“A male person posing as a woman” : the state Sharia law that criminalizes transgender women in Malaysia

By Isma Hassaine Poirier

Staff Writer 

Photo from Justice for Sisters 


Last June, nine transgender women were arrested in Kelantan, the northeastern 

state of Malaysia, for being “a male person posing as a woman”. Seven of them were 

fined and the two others sentenced to jail time, before being released on bail pending 

the outcome. The nine women were attending a private event when officials from the 

Kelantan Islamic Department (JHEAIK) burst in and arrested them. 

Malaysia, located in Southeast Asia, counts many ethnic groups. The Muslim 

population is the majority amongst them, representing around 60% of the 30 million 

people in the country, and Sharia law is commonly applied, sometimes a drastic 

version of it. Minorities often pay the price of such rigorist ruling. In this case, it is the 

LGBT community, and within this community, the transgender group. 

The story of these nine women is far from being anecdotal. Transgender women are 

subjected to abusive arrest and humiliation. In a September 2014 document entitled 

“I am Scared to Be a Woman”, Human Rights Watch reported on the worrying 

situation of transgender people in Malaysia and collected testimonies from many 

victims of abuses and human rights violations by the religious police. Following 

arbitrary arrests, transgender people are often subjected to ill-treatments and 

humiliation. When they are sentenced to jail time, transwomen are sent to male 

blocks in prison to serve their time. This situation makes them fragile and leaves 

them exposed to a plethora of abuses such as extortion of money or sex.  

The Malaysian society has not always harboured hostile feelings against transgender 

people. Indeed, until the 1980’s, transgender people were not subjected to any law 

targeting their freedom and enjoyed a relatively high degree of acceptance. In the 

beginning of the 80’s, the country shifted towards a prominent Islamization of public 

policy that affected transgender people. A series of legislative initiatives were set in 

motion in order to criminalize them. Furthermore, a Fatwa or Islamic decree, issued 

in 1982, forbade all transgender people to undergo sex reassignment surgery (SRS). 

The flames of hatred against transgender people are fueled by state officials and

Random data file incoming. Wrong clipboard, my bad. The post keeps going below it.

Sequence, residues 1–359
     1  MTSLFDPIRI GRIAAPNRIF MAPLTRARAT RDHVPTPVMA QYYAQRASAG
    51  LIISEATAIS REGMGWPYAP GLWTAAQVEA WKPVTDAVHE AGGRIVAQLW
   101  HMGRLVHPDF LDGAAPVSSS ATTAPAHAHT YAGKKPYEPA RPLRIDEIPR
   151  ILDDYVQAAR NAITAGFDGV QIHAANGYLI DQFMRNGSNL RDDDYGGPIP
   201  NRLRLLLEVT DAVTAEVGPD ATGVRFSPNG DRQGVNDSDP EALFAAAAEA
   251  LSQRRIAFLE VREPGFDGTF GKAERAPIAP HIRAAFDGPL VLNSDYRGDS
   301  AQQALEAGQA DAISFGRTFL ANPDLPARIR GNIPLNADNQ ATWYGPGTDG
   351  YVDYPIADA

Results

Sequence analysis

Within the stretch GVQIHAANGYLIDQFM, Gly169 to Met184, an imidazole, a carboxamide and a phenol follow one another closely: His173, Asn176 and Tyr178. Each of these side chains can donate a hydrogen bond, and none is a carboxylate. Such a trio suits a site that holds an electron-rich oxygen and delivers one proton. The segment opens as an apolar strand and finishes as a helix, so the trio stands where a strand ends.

religious leaders, leading to abuse at the expense of the transgender population 

dignity and  fundamental rights, even though Prime Minister Najib Razak insists on 

presenting Malaysia to the international community as a moderate Muslim country. 

The truth is that discrimination can be found in many areas of life, from housing to 

education, medical care and employment. 

In November 2014, there was reason for hope in the fight for transgender people’s 

rights. A group of transwomen had filed a case and challenged section 66 of the 

Sharia law in place in the southern state of Negeri Sembilan, after being arrested 

repeatedly under dubious accusations such as wearing feminine hair 

accessories.The Court of Appeal in Kuala Lumpur ruled in favor of the transgender 

women by calling the cross-dressing ban unconstitutional. While this ruling is only 

binding in this specific state, it could have had repercussions on the legal status of 

transgender people in the rest of the country. But so far, it has not – instead, the 

state’s Islamic Religious Department has appealed the ruling to the top Federal 

Court. A hearing is due in August.

The organisation Justice For Sisters, based in Kuala-Lumpur, is actively campaigning 

against the violence and persecution against Mak Nyah - the Malay name of the 

transwomen minority in Malaysia. Their aim is to challenge the state Sharia law and 

spread a positive image of transwomen. This initiative is one of the few fighting for 

the cause. There is still room for hope even though there is a long way to go to 

achieve acceptance and freedom for transwomen in Malaysia.